2011 Awards of Excellence: Millennium Village
Project: Millennium Village, Vancouver, BC – 197,542 square foot green roof
Award Recipient: Durante Kreuk Ltd. (Landscape Architect)
Client: Millennium Development
Green Roof Supplier: Xero Flor Canada Ltd.
Green Roof Supplier: LiveRoof
Green Roof Plant Supplier: Linnaea Nurseries Ltd
Architectural Services: Merrick Architecture Borowski Sakumoto Fligg Ltd.
Architectural Services: GBL Architects
Architectural Services: IBI/HB Architects
Architectural Services: Nick Milkovich Architects Inc.
Architectural Services: Walter Francl Architecture Inc.
Architectural Services: Robert Ciccozi Architecture Inc.
The design philosophy of the green roofs was "usability and accessibility".
- Alain Lamontage, Landscape Architect, Durante Kreuk Ltd.
|Each courtyard was designed to have a
unique character and feel.
Leaving a Green Olympic Legacy
Millennium Water is a single-phase development which covers eight city blocks in Vancouver, British Columbia. It is a LEED Gold Certified neighbourhood, the first in North America. The 197,542 square feet of green roof was provided across eight parcels, amounting to over 50% of the total roof area being greened.
The intent behind the design of the all-private parcels was to create a series of courtyards, which range from semi-public to private. Those located on the ground floor can be accessed by anyone meandering through the neighbourhood, enhancing the experience through this new development which traditionally would have introverted courtyards only viewed and accessible for residents. Each courtyard was designed to have a unique character and feel with a wide range of programming elements to meet the future intended mixed demographic of this flourishing neighbourhood. One important aspect of each courtyard is the drop of the structural slab, in some cases up to 36”, which allows generous growing medium build-up, creating a seamless experience within each courtyard, podium levels or at ground. Some of the main features include outdoor terraces, urban agriculture, lawn areas for unstructured play or relaxation, water features and children’s play areas, all of which was intended to nurture the development of relationships between neighbours building a strong sense of community. In most cases, the courtyards are surrounded by a mix of buildings such as senior living, rental, social housing and market without any barrier and division. This was done in an effort to promote interaction between different social groups and create a truly sustainable neighbourhood.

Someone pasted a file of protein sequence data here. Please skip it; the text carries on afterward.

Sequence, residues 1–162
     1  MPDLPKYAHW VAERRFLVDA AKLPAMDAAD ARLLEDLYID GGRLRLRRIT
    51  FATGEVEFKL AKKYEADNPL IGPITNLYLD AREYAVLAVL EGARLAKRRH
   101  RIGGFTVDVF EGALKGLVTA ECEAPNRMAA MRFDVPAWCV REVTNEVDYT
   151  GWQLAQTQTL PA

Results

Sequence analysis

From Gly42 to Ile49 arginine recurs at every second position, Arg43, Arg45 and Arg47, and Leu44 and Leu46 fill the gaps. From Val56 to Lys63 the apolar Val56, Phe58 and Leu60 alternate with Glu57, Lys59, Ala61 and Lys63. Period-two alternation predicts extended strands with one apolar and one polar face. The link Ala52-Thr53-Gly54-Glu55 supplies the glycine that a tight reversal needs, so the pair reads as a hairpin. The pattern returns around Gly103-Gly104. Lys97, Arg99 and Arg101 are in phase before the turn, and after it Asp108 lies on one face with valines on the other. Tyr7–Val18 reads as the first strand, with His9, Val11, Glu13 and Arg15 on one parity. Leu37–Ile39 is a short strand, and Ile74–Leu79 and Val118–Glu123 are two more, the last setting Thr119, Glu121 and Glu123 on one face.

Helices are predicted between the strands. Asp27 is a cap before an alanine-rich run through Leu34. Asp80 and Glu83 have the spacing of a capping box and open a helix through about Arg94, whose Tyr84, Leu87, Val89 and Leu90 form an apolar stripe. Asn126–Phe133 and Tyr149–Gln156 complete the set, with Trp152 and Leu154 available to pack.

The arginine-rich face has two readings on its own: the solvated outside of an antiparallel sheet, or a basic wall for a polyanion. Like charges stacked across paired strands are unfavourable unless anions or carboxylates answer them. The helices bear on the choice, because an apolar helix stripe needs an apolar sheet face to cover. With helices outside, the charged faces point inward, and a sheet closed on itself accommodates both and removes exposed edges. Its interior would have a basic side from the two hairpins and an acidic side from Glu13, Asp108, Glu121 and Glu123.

The green roofs at Millennium Water + Vancouver Athletes Village host a variety of interesting features. Rain and wind sensors which are tied back to a smart controller to avoid irrigating when not required. The irrigation system operates in the night reducing water demand and loss from winds and evaporation. Also, each building has its own cistern which has been sized to accommodate for a minimum-six week drought. Water is collected from every rooftop and stored in underground cisterns, and then reused for irrigation and toilet flushing for each site.
The green roofs are designed to stimulate the senses and allow the residents to relax and rejuvenate. One key element was the harmonious integration of water features from fountains, waterfalls, flowing channels and reflective ponds, which play an important role in the aeration of water collected and stored in the cisterns preventing otherwise stagnant water. The sound of flowing water has long been known in horticultural therapy to induce calming effects and reduce stresses. Parts of the green roofs were designed to be a fragrant garden. A variety of plants with fragrant blossoms and foliage such as lilac and roses were selected to provide pleasing, natural perfume to stimulate the senses.
Much of the landscape was designed to incorporate edible plants, such as blueberry bushes, raspberries, cherry, fig and pear trees and even some kiwi vines to encourage residents to understand where food comes from, as well as support wildlife. Other plant material was selected based on their characteristics to attract bees and other pollinators to promote and assist the overall ecological system of Vancouver. The remainder of plant material is indigenous and adaptive plants, which have a high drought tolerance, greatly reducing water demand. The wide variety of plants and soil media depth (from 3” to 30”) has served the roofs well as a useful research site for the British Columbia Institute of Technology.
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